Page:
A study released by the University of California, Berkeley (UBC) School of Public health has found many conventional lipstick products to contain dangerously high levels of aluminum, cadmium, lead, and other toxins. Researchers tested over 30 popular lipstick products and found this to be the case. The study was published in the journal Environmental Health Perspectives. Even women using minimal amounts of product still increase their risk of developing harmful health conditions like nerve damage and cancer by an alarming amount.
Most of the tested lip products contained high concentrations of titanium and aluminum. All examined products had detectable manganese. Lead was detected in 24 products (75%), with an average concentration of 0.36 ± 0.39 ppm, including one sample with 1.32 ppm. When used at the estimated average daily rate, estimated intakes were > 20% of ADIs derived for aluminum, cadmium, chromium, and manganese. In addition, average daily use of 10 products tested would result in chromium intake exceeding our estimated ADI for chromium. For high rates of product use (above the 95th percentile), the percentages of samples with estimated metal intakes exceeding ADIs were 3% for aluminum, 68% for chromium, and 22% for manganese. Estimated intakes of lead were < 20% of ADIs for average and high use.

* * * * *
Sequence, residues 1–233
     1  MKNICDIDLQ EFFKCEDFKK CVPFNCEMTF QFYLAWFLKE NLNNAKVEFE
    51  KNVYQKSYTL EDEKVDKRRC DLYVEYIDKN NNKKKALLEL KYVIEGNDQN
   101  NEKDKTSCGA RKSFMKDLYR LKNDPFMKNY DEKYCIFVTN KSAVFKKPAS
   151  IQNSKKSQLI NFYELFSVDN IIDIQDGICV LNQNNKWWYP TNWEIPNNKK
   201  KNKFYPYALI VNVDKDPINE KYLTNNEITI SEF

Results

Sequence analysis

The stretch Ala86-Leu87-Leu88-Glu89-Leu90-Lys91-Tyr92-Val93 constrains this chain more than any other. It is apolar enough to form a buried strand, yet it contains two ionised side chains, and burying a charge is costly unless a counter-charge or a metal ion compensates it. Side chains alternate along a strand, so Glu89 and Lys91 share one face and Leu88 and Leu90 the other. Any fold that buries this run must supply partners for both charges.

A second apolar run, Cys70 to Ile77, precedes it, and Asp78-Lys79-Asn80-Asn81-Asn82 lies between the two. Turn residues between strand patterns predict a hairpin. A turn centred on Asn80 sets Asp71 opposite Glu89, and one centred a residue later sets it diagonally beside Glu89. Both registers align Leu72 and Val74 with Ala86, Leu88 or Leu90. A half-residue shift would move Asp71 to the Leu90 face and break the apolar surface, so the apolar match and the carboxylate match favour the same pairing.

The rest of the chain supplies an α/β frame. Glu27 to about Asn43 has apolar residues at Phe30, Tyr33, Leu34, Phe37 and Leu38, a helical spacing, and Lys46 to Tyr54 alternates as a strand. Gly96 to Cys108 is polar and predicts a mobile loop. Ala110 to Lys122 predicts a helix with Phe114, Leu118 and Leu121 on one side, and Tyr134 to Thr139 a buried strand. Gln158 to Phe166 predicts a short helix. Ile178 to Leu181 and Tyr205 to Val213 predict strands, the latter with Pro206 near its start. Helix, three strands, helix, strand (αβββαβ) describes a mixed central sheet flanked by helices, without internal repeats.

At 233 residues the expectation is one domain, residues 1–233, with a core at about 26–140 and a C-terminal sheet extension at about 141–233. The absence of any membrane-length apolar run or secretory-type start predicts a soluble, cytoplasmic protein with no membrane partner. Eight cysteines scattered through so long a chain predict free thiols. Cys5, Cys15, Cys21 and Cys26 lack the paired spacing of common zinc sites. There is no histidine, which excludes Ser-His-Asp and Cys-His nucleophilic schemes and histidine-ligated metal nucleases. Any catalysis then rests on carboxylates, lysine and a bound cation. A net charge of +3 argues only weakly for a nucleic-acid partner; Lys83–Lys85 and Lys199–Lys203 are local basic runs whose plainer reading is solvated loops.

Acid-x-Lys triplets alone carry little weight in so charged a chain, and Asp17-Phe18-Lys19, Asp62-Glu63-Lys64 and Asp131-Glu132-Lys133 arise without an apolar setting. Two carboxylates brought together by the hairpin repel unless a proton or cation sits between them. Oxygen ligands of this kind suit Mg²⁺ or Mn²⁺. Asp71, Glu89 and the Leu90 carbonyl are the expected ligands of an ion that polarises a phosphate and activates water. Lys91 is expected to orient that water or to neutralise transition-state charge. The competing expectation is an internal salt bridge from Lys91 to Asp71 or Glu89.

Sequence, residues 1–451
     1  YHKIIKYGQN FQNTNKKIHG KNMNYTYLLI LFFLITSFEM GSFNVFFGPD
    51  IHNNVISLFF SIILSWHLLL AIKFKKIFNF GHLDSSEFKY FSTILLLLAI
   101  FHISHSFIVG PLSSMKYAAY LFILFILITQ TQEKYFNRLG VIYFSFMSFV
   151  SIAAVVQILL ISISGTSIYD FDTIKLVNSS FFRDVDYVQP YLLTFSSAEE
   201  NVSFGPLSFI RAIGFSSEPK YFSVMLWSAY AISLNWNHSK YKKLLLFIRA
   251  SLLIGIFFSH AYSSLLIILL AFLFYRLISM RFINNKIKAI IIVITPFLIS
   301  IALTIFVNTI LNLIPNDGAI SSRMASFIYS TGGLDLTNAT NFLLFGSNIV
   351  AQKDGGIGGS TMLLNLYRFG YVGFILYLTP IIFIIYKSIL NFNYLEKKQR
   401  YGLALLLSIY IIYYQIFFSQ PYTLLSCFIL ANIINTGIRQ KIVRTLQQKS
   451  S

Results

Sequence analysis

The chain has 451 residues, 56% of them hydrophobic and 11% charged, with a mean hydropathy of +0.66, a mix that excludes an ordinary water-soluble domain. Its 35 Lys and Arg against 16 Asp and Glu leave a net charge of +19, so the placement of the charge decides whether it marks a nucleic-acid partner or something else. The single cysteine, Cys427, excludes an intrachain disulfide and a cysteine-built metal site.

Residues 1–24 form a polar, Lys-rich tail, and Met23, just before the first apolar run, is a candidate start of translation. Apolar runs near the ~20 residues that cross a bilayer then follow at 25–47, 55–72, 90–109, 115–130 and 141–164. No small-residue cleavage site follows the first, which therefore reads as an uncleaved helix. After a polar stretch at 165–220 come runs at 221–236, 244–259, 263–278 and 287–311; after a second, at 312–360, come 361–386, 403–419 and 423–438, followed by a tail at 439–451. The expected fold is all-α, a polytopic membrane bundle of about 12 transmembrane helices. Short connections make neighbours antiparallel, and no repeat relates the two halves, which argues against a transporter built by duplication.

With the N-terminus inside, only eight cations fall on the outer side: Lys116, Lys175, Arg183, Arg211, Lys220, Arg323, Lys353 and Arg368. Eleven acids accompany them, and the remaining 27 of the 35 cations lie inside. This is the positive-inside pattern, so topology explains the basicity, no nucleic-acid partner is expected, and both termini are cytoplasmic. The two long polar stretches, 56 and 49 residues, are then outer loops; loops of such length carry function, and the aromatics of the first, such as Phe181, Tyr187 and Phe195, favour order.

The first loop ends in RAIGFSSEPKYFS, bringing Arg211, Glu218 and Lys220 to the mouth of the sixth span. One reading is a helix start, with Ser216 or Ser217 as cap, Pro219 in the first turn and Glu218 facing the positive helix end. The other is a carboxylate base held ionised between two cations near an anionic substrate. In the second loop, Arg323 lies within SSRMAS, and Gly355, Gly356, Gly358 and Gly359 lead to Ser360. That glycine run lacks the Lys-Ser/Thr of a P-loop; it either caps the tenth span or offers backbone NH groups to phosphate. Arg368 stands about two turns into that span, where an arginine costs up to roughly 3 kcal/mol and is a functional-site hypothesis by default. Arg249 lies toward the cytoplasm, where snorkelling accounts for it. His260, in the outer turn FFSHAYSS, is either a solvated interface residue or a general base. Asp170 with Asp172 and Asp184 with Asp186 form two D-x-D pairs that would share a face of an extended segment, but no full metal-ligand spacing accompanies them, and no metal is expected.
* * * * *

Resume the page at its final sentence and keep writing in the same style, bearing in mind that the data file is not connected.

A daily intake of these cosmetics would result in a large exposure to chromium, a carcinogen that has been linked to stomach tumours. Average use of these products could result in overexposure to aluminum, cadmium, and manganese. Exposure to high concentrations of manganese has been linked to high toxicity levels in the nervous system. Lead was also detected, and no level of lead exposure is safe for anybody.
“Just finding these metals isn’t the issue; it’s the levels that matter. Some of the toxic metals are occurring at levels that could possibly have an effect in the long term.”
– Katharine Hammond, professor of environmental health sciences and principal investigator in the study
The amount of metals found definitely needs to be brought to the attention of health regulators. But we have a problem here, as health regulators are usually connected to the corporations that develop these products in the first place. The real solution is to just stop using them. We are sold on the idea that we need these beauty products and yet they are filled with harmful chemicals. Are we not beautiful anyway? Right now there are no standards in the United States for metal content in cosmetics, which is deeply disturbing. They can pretty much put whatever they please into them, and it doesn’t take long for the bloodstream to absorb whatever we put onto bodies.